Mon Sep 10, 2012, 06:43 PM
niyad (37,099 posts)
mary wollstonecraft--a vindication of the rights of women
Mary Wollstonecraft (play /ˈwʊlstən.krɑːft/; 27 April 1759 – 10 September 1797) was an eighteenth-century British writer, philosopher, and advocate of women's rights. During her brief career, she wrote novels, treatises, a travel narrative, a history of the French Revolution, a conduct book, and a children's book. Wollstonecraft is best known for A Vindication of the Rights of Woman (1792), in which she argues that women are not naturally inferior to men, but appear to be only because they lack education. She suggests that both men and women should be treated as rational beings and imagines a social order founded on reason.
Until the late 20th century, Wollstonecraft's life, which encompassed several unconventional personal relationships, received more attention than her writing. After two ill-fated affairs, with Henry Fuseli and Gilbert Imlay (by whom she had a daughter, Fanny Imlay), Wollstonecraft married the philosopher William Godwin, one of the forefathers of the anarchist movement. Wollstonecraft died at the age of thirty-eight, ten days after giving birth to her second daughter, leaving behind several unfinished manuscripts. Her daughter Mary Wollstonecraft Godwin, later Mary Shelley, the author of Frankenstein, would become an accomplished writer herself.
. . . .].
Wollstonecraft has had what scholar Cora Kaplan labelled in 2002 a "curious" legacy: "for an author-activist adept in many genres ... up until the last quarter-century Wollstonecraft's life has been read much more closely than her writing". After the devastating effect of Godwin's Memoirs, Wollstonecraft's reputation lay in tatters for a century; she was pilloried by such writers as Maria Edgeworth, who patterned the "freakish" Harriet Freke in Belinda (1801) after her. Other novelists such as Mary Hays, Charlotte Turner Smith, Fanny Burney, and Jane West created similar figures, all to teach a "moral lesson" to their readers. (Hays had been a close friend, and helped nurse her in her dying days.) Scholar Virginia Sapiro states that few read Wollstonecraft's works during the nineteenth century as "her attackers implied or stated that no self-respecting woman would read her work". (In fact, as Craciun points out, new editions of Rights of Woman appeared in the UK in the 1840s, and in the US in the 1830s, 1840s, and 1850s.) One of those few was Elizabeth Barrett Browning, who read Rights of Woman aged 12, and whose poem Aurora Leigh reflected "Wollstonecraft's unwavering focus on education". Another was Lucretia Mott, a Quaker minister and activist against slavery who helped organize the Seneca Falls Convention, an influential women's rights convention held in 1848. Another who read Wollstonecraft was George Eliot, a prolific writer of reviews, articles, novels, and translations. In 1855, she devoted an essay to the roles and rights of women, comparing Wollstonecraft and Margaret Fuller. Fuller was an American journalist, critic, and women's right activist who, like Wollstonecraft, had travelled to the Continent, been involved in the struggle for reform (in this case the Roman Republic), and had a child by a man without marrying him. Wollstonecraft's children's work was adapted by Charlotte Mary Yonge in 1870.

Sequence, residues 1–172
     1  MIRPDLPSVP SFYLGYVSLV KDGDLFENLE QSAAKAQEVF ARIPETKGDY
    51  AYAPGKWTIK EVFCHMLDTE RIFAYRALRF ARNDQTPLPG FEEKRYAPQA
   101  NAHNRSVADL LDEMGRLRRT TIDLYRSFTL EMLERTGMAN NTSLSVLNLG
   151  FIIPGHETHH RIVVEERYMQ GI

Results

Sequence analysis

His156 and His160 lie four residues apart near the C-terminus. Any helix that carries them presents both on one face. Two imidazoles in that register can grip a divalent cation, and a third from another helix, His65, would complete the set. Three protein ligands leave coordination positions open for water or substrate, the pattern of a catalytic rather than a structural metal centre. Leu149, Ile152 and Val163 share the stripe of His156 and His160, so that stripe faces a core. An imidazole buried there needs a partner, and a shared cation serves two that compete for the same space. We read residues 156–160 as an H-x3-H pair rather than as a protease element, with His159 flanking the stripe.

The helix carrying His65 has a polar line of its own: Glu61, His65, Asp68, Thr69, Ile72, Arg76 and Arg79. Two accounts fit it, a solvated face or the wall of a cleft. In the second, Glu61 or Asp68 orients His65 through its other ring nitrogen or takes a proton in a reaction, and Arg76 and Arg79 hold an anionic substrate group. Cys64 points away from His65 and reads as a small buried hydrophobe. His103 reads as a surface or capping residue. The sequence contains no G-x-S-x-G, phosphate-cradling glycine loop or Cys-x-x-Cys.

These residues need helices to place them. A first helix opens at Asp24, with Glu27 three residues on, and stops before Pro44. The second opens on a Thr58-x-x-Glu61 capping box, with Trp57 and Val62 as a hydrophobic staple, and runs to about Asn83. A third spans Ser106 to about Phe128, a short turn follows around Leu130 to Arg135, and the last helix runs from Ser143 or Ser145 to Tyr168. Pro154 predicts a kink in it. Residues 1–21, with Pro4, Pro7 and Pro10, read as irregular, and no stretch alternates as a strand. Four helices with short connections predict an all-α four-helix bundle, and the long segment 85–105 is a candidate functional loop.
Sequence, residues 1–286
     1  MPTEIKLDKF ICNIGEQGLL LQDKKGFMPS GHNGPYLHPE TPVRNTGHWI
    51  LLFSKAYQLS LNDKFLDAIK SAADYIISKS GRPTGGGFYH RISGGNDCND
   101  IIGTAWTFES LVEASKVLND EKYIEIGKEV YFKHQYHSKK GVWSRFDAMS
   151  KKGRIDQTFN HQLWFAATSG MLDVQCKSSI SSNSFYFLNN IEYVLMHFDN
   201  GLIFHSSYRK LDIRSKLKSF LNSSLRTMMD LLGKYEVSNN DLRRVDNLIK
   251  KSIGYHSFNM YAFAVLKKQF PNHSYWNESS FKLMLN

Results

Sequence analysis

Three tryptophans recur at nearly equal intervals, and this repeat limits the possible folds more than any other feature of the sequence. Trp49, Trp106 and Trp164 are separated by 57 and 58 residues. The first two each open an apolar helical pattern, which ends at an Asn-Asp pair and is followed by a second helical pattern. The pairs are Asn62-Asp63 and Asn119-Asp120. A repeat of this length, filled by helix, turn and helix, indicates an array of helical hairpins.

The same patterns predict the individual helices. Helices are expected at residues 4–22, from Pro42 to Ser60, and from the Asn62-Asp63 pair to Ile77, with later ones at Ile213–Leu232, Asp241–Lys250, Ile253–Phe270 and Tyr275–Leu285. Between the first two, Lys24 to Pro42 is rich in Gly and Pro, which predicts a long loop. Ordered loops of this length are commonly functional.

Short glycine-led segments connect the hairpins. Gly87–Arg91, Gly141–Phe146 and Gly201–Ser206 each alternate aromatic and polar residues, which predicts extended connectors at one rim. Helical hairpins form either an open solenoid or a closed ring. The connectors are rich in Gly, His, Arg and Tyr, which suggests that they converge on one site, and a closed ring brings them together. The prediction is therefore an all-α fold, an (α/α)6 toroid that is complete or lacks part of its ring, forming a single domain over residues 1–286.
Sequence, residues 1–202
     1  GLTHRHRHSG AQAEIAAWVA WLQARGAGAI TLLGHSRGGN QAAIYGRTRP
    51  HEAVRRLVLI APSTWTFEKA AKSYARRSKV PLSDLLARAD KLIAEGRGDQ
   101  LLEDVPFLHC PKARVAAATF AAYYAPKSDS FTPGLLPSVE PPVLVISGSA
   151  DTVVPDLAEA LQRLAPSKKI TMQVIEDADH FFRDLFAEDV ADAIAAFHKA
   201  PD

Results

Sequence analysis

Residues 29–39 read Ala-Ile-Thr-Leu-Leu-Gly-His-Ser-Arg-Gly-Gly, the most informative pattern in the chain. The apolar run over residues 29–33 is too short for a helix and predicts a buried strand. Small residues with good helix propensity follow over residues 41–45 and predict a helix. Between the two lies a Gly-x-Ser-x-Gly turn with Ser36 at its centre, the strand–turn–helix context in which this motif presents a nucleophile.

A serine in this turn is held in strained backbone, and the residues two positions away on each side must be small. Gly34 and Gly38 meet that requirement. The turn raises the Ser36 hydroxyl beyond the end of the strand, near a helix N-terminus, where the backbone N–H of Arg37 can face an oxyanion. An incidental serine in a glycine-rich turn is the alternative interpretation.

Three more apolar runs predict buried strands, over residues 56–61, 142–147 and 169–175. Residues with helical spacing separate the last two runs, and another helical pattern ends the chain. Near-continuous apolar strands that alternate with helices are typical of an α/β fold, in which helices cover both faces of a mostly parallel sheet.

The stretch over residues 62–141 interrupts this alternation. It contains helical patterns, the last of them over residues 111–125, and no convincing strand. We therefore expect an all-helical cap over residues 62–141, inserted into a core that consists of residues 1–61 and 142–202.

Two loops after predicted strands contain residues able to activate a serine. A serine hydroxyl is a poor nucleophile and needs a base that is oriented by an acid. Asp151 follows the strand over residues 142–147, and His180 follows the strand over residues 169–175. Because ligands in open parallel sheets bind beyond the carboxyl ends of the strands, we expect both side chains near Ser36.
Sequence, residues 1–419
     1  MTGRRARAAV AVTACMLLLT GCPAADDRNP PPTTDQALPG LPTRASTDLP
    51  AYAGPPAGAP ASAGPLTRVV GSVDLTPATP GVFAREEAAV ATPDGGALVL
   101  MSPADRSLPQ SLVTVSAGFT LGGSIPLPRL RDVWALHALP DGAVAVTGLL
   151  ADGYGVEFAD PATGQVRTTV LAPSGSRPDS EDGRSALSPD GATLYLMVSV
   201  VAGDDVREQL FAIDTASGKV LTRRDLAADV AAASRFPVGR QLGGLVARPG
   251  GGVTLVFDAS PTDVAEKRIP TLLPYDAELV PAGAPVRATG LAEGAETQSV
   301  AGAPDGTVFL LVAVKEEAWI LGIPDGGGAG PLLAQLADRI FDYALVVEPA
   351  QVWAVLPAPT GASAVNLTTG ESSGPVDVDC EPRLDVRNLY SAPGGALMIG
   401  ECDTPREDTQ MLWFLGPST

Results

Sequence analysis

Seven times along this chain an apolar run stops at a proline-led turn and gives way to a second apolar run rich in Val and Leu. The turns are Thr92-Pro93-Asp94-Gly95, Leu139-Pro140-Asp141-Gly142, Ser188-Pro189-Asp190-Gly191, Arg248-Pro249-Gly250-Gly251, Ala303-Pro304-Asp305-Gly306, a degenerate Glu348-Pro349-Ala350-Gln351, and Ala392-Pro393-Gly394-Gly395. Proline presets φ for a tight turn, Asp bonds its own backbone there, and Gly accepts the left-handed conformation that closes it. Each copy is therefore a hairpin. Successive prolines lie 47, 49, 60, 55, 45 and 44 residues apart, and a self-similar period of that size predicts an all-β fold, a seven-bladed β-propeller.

. . . .
With the emergence of feminist criticism in academia in the 1960s and 1970s, Wollstonecraft's works returned to prominence. Their fortunes reflected that of the second wave of the feminist movement itself; for example, in the early 1970s, six major biographies of Wollstonecraft were published that presented her "passionate life in apposition to radical and rationalist agenda". In the 1980s and 1990s, yet another image of Wollstonecraft emerged, one which described her as much more a creature of her time; scholars such as Claudia Johnson, Gary Kelly, and Virginia Sapiro demonstrated the continuity between Wollstonecraft's thought and other important eighteenth-century ideas regarding topics such as sensibility, economics, and political theory.
. . . .
. . .
"a vindication of the rights of women available free online at http://www.bartleby.com/144/
0 replies, 1409 views